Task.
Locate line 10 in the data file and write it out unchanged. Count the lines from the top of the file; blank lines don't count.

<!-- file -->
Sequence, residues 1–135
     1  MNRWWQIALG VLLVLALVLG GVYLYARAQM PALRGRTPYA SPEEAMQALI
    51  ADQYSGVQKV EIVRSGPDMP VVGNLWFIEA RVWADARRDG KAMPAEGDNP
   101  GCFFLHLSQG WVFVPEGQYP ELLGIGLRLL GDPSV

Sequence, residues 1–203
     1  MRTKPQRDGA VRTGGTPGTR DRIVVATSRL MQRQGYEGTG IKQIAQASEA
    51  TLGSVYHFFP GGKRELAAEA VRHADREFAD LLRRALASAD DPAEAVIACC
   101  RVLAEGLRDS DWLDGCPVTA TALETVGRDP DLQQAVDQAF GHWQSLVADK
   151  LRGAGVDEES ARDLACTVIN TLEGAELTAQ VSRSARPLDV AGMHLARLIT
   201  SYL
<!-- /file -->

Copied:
   201  SYL